A lot of people think that my life is just one amazing dinner and wine tasting after another, and that nothing I experience is ever less than completely awesome. I don’t want to let you down with a bump, but the truth is that a lot of the time I’m kept busy by PR people with the job of making rather unremarkable and over-priced products look like they’re of enormous significance and a steal too. Sometimes I do get lucky though, and Saturday night was one of those genuinely inspiring moments, although it didn’t look like it was going to be that stunning when at 7pm I arrived at a pop-up restaurant in what looked like an art gallery on a dingy street in the Lower East Side of Manhattan.
The email invitation I received told me that this was the NYC guest appearance of an avant-garde restaurant in Vancouver, BC (British Columbia) called The Acorn, and that just like in their beautiful home town they would be serving a seriously vegetarian menu. The invitation deliberately didn’t shout out the V-word, but in the end what was served was indeed a vegan meal. However, that really isn’t the point at all. What I tasted at Exhibit C, an exciting space for culinary and other arts at 88 Eldridge Street, was a breathtaking exploration of the gastronomic possibilities of vegetables and the fermented juice of the grape in BC. Even when a dish involved ingredients I’m rather familiar with like pumpkin (see the photo above), Shira Blustein and Robert Clarke of The Acorn always found an angle that I hadn’t thought of. In the case of the dish pictured above, slow-cooked squash was dusted with ground pumpkin seeds, pepper and cumin adding far more to the experience than a mere seasoning.
This sequence of dishes wouldn’t have been as stunning as it was without the complementary BC wines that sommelier Kurtis Kolt had picked. The star of these was the 2012 Riesling from Tantalus not only accompanied the flavors of the slow-poached and glazed carrots (the unpretentious, but delicious first dish of the menu), it’s lemon curd and salty-mineral character set them alight. This may not be a “big” wine, but on the other hand it’s certainly not light-weight. It also isn’t bone dry, but neither is it by any stretch of the imagination sweet. BC wine often has a radical freshness and a remarkable ability to defy the conventional categories of taste. This was a perfect example of that phenomenon! Of course, the label of this wine (like all the Tantalus wines) features a mask from one of the indigenous tribes of this part of North America. What winery in the US would dare to do that? None Instead, their labels are either cool, but hopelessly dull imitations of French/Italian classics, or they do things like feature machete-wielding nubile young women in a half-hearted nod to Tarantino. Sorry, but neither of those things excite me.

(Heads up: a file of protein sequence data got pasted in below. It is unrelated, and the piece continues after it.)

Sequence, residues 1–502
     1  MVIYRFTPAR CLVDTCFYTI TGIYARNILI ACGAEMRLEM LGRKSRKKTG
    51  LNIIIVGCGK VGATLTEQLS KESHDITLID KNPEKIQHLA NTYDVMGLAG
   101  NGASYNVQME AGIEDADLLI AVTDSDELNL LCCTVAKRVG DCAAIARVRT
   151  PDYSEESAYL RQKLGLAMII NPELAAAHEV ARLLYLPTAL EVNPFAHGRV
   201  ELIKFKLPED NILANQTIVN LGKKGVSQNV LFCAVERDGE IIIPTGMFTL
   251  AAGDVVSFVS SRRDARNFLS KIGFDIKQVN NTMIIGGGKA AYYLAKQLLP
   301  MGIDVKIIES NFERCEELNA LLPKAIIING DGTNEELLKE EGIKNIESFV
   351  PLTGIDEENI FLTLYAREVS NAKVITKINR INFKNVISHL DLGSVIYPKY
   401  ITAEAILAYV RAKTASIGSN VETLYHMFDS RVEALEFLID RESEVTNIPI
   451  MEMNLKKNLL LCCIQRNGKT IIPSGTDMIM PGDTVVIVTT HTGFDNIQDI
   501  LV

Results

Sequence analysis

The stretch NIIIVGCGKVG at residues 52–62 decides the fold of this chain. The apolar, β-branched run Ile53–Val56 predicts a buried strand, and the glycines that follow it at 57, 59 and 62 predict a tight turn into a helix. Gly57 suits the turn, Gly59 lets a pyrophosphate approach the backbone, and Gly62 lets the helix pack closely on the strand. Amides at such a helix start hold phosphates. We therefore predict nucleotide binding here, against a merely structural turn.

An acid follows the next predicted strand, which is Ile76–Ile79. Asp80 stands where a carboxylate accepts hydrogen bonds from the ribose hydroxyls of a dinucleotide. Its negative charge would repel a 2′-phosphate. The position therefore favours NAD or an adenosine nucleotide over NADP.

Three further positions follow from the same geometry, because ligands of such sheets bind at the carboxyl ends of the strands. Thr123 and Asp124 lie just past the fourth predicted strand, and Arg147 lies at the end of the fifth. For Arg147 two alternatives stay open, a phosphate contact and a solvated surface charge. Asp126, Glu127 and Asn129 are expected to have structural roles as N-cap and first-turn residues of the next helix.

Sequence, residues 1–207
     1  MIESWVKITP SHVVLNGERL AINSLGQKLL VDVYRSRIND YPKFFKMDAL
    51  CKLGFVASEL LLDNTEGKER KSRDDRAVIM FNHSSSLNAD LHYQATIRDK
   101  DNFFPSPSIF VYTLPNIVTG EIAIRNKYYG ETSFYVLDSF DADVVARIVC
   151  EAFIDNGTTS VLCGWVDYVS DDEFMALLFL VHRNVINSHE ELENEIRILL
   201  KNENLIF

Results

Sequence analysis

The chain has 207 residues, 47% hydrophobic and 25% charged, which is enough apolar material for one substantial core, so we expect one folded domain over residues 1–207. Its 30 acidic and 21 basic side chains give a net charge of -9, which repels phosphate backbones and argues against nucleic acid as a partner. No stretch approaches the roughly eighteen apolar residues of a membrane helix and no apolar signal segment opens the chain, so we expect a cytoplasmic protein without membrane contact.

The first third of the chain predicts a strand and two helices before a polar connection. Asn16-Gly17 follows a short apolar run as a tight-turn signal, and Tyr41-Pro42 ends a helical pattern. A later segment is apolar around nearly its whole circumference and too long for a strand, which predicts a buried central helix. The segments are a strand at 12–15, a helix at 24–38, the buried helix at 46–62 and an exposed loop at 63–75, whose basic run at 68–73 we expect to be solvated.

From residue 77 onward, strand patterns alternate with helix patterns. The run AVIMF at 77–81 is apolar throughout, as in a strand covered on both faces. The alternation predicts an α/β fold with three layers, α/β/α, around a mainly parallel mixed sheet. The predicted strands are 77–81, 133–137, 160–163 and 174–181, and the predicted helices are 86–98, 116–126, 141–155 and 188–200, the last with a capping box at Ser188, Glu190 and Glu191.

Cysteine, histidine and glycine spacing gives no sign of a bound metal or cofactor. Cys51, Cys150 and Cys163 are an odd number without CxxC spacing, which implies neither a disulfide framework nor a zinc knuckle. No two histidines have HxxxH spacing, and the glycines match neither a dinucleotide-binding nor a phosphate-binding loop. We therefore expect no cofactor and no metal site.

At their NYC pop-up The Acorn delighted me with each dish they served, but their variations of the Bassica family, pictured above, blew my mind. I am not a restaurant critic and I feel obliged to point out that this is not a restaurant review, not even a pop-up restaurant review. I must also point out that there are no points, stars or any other kind of symbols on offer here. The reason for these things is that the conventions of restaurnat reviewing no less than those ranking systems make it more difficult for you the reader to grasp what an exciting restaurant or winemaker are actually doing. This dish did was conjure an entire spectrum of aromas and flavors from one of the least loved and appreciated vegetables. A lot of chefs have tried to do that, also for the cabbage family, but it never stirred me before as this combination of rosemary roasted red cabbage, pickled cabbage and roasted cauliflower did. The textural contrasts were no less exciting than the flavor contrasts, but there was nothing self-consciously intellectual about this dish (or any of the other dishes), it just tasted simultaneously complex and satisfying. That’s a darned good reason to head to the airport and get on a plane to Vancouver RIGHT NOW!
Dear chefs of America, please prove me wrong if I am wrong, but it seems to me that The Acorn is a highly inventive vegetarian restaurant of a kind lacking in the USA. At no point during the evening did I feel even the slightest pang of longing for meat or fish of any kind. That was an experience I only had three times before, which means The Acorn is something very remarkable, even within the creative context of Vancouver. I got lucky that they came to NYC when I was here, and Kurtis Kolt thought of asking me if I could come. NYC got lucky that Exhibit C provided an ideal frame for this introduction to the world of BC food and wine here in the city. I went along expecting to be interested and I came away totally amazed. It is these rare experiences that make my job not only worth doing, but a luxury!
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